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EU, U.S. exploring new sources of Rare Earth Minerals, should China limit exports

Reports are emerging that China is considering the restriction of the export of rare earth minerals, as a result of tensions with the U.S. Given China controls around 80% of global supply it would have severe consequences for not just advanced military applications (the presumed primary target) but also clean energy technologies like EVs and wind turbines. However, if the threat is carried out, Lukas Trakimavičius explains how this could backfire on China. Firstly, “rare earth” minerals are not particularly rare. They’re called “rare” because of their atomic properties. Though difficult to mine and process, relatively large deposits are found in countries as varied as India, Brazil, Vietnam, Australia and the U.S. These and other regions would be incentivised to ramp up production should supplies be threatened. Trakimavičius provides examples of how the EU and the U.S. are already exploring ways to reduce their dependence on China, ranging from new sources to the recycling of rare earths.

Last week reports surfaced that China is eyeing export controls for rare earth materials. This step is generally seen by the industry as Beijing’s latest response to the ongoing tensions with the United States, as it would predominantly affect the US defense industry. Yet, while there are few doubts that export controls could provide a temporary blow to a number of US companies, in the long run, such a decision would likely do China more harm than good.

According to the Financial Times, last month China’s Ministry of Industry and Information Technology proposed draft controls on the production and export of 17 rare earth minerals. Beijing’s officials had also asked industry executives to estimate how badly companies in the US and Europe would be affected if China restricted rare earth exports during a bilateral dispute.

China’s control of the rare earths global supply

This news was met with concern both in the US and the European Union. After all, China controls up to 80 percent of the rare earths global supply and these materials play an indispensable role in the production of advanced military and clean energy technologies. These include specialised magnets for motors in electric vehicles, generators in wind turbines and missile-guidance systems, among other things.

This is not the first time China has treated rare earths as a “strategic resource” that could be used to advance its foreign policy goals. Back in 2010, it raised the prospects of halting rare earth exports to Japan due to the territorial dispute over the Senkaku/Diaoyu Islands. More recently, it also threatened to cut rare earth exports to the US over issues such trade and Taiwan.

Though it is difficult to estimate if this time China will follow through with its plan to impose export controls, such a policy step would most definitely do more damage to China’s long term interests than Beijing would like to admit.

“Rare earth metals” are not actually rare

Despite their name, rare earths are anything but rare. Relatively large deposits of rare earths can be found in countries as varied as India, Brazil, Vietnam, Australia and the US, just to name a few. By and large, it has been economic wits and a high tolerance for the toxic and sometimes even radioactive process of mining and extracting, not geological luck that has given China its near monopoly on these elements. In fact, up until a major facility in Mountain Pass, California was shut down in the early 2000s, the US was one of the world’s largest suppliers of rare earths.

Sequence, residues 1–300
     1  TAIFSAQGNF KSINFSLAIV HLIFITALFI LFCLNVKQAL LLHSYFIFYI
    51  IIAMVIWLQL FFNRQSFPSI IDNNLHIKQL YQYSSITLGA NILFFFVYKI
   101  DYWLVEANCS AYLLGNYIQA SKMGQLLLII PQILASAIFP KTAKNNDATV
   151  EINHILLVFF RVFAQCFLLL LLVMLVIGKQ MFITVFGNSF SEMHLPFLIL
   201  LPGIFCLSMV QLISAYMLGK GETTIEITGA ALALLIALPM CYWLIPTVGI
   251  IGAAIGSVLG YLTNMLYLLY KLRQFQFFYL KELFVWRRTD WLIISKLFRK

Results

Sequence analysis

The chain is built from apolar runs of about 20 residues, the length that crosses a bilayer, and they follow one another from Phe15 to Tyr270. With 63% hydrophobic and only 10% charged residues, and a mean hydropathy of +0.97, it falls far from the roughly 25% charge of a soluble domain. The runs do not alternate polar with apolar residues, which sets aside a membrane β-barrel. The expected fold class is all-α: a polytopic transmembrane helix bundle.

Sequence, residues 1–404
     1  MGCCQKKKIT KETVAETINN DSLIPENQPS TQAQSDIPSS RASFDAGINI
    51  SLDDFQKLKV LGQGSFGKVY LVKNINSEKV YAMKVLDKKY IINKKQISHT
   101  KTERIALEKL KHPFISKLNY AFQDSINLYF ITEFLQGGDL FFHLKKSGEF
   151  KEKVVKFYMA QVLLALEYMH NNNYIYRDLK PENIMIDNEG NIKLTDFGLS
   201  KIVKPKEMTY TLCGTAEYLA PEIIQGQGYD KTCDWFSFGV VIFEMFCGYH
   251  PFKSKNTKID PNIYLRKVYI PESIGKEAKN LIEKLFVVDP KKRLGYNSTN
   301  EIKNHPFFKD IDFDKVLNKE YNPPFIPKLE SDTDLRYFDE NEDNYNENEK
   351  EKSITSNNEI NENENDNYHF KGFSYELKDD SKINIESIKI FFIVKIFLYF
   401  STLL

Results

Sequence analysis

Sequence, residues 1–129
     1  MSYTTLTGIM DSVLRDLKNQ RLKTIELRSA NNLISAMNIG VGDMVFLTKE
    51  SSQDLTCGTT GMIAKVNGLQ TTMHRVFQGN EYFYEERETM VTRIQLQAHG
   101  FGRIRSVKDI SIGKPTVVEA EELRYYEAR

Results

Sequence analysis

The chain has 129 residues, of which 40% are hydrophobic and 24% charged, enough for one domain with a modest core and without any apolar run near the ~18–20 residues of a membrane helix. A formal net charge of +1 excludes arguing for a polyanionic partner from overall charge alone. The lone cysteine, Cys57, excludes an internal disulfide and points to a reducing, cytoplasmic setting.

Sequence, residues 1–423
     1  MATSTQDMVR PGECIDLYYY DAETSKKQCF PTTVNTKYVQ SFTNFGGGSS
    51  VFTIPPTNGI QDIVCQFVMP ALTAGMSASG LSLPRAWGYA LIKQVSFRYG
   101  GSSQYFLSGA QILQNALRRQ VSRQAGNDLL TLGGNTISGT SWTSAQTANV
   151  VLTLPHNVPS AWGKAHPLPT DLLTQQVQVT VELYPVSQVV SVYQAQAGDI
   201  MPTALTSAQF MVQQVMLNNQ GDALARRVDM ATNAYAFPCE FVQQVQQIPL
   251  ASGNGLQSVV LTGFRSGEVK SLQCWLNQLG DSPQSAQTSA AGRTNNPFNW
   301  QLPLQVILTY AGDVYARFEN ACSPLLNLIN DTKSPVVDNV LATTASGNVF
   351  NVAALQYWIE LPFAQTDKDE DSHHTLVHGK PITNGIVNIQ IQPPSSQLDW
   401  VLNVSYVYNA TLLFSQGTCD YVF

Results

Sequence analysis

If China were to curb its rare earth exports, it could result in serious supply shortages to a number of companies, but it would also motivate other countries to ramp up their own production capabilities.

As a matter of fact, there is already a precedent for that. In the immediate aftermath of the 2010 rare earth crisis, Japan invested in Lynas, an Australian rare earths mining company that also has a processing plant in Malaysia. Over the years, these investments have paid off handsomely and helped cut Japan’s rare earth reliance on China by a third.

Image source: Pexels.com

EU, US exploring new sources

Fast forward to the present, it seems that both the EU and the US are following in Japan’s footsteps and are already actively exploring ways to reduce their dependence on China.

In 2020, for example, the European Commission (EC) launched a new strategy to strengthen the sourcing of raw materials from within the EU and diversify imports from third countries. According to the strategy, the EC would work with the member states to identify mining and processing projects in the EU that could already start work by 2025. Moreover, the EU plans to double down on its existing efforts of scaling up the reuse, repair and the recycling of rare earths from used products.

The US is also on a similar path. Last year, Washington passed the pandemic aid and spending package, which includes more than $800 million to fund rare earths and strategic minerals research. Furthermore, the US has invested in a number of companies such MP Minerals and Lynas in a bid to boost the country’s domestic rare earths production capacity. On top of that, a company called USA Rare Earth is currently eyeing an initial public offering to raise funds for its Texas mine and processing facility that could be in operation by 2023.

In the end, if China were to pull the trigger and activate export controls for rare earth materials, it could create serious supply shortages and result in a crisis much greater than that in 2010. However, this step would likely spell the end of its dominance over the rare earth market, as, over time, other producers would be more than happy to fill the void.

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